Events record dynamic changes in environments. They are sparse, but an important information source that draw our attention and make us aware of the dynamic surroundings. Event cameras, inspired by our retina’s perception of changes, are invented to capture such intensity changes in the world asynchronously. Compared to the conventional frame-based cameras, event cameras have advantages in high temporal resolution and low latency (in microseconds), low power, and high dynamic ranges, making them potentially applicable in challenging scenarios for conventional cameras. There has been growing interest and emerging research in event-based visual processing. However, how to effectively integrate the event information for computer vision and robot tasks is still an open question.
This project will explore the use of event cameras to improve visual understanding in complex environments. Complex environments, such as bars, forests, etc., often have changing lighting conditions, moving objects, and severe occlusions, all of which pose challenges to get complete information about the world. The high dynamic nature of these environments requires efficient and effective handling of changes, where events captured by event cameras can provide useful guidance. Our hypotheses include event-informed attention field to eliminate visual clutters for more efficient visual understanding, and the continuity in events to provide effective data association for object detection and tracking.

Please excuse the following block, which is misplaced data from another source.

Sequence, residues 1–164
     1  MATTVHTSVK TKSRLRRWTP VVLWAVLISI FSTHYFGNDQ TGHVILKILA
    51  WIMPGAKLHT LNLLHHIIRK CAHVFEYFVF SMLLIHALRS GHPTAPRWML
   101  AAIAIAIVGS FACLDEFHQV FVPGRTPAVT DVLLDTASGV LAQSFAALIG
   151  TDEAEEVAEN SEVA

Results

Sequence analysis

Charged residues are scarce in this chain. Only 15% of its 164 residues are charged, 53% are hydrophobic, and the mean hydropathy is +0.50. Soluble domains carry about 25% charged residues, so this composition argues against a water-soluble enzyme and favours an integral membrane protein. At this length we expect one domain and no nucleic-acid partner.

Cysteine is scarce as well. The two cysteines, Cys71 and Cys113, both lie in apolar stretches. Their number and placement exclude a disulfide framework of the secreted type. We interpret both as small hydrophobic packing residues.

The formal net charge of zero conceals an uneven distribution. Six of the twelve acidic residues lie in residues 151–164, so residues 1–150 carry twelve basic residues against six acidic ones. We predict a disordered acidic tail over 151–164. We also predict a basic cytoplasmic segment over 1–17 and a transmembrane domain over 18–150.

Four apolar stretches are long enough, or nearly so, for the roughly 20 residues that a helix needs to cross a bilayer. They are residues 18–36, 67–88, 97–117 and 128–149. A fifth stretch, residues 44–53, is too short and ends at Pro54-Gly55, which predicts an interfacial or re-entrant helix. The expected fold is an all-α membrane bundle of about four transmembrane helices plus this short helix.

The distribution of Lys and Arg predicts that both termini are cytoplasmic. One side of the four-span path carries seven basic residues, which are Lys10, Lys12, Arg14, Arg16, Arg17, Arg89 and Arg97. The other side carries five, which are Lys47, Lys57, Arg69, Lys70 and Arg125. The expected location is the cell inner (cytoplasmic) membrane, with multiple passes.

The student will have access to a newly purchased DAVIS event camera, and will look into 1) the processing and representation of events; 2) data association between the event space and the camera frame space; and 3) the integration of associated event information into visual understanding tasks such as object detection and tracking.
Keywords: visual understanding, event camera
Academic criteria: A 2:1 Honours undergraduate degree or a master's degree, in computing or a related subject. Applicants with appropriate professional experience are also considered. Degree-level mathematics (or equivalent) is required for research in some project areas.
Applicants for whom English is not their first language must demonstrate proficiency by obtaining an IELTS score of at least 6.5 overall, with a minimum of 6.0 in each skills component.
This application is open to students worldwide.
How to apply:
Please contact the supervisors of the project prior to submitting your application to discuss and develop an individual research proposal that builds on the information provided in this advert. Once you have developed the proposal with support from the supervisors, please submit your application following the instructions provided below
This project is accepting applications all year round, for self-funded candidates via https://www.cardiff.ac.uk/study/postgraduate/research/programmes/programme/computer-science-and-informatics
In order to be considered candidates must submit the following information:
- Supporting statement
- In the ‘Research Proposal’ section of the application enter the name of the project you are applying to and upload your Individual research proposal, as mentioned above in BOLD
- Qualification certificates and Transcripts
- Proof of Funding. For example, a letter of intent from your sponsor or confirmation of self-funded status (In the funding field of your application, insert Self-Funded)
- References x 2
- Proof of English language (if applicable)
If you have any questions or need more information, please contact [Email Address Removed]
For more information about this project, please contact Dr Jing Wu, [Email Address Removed]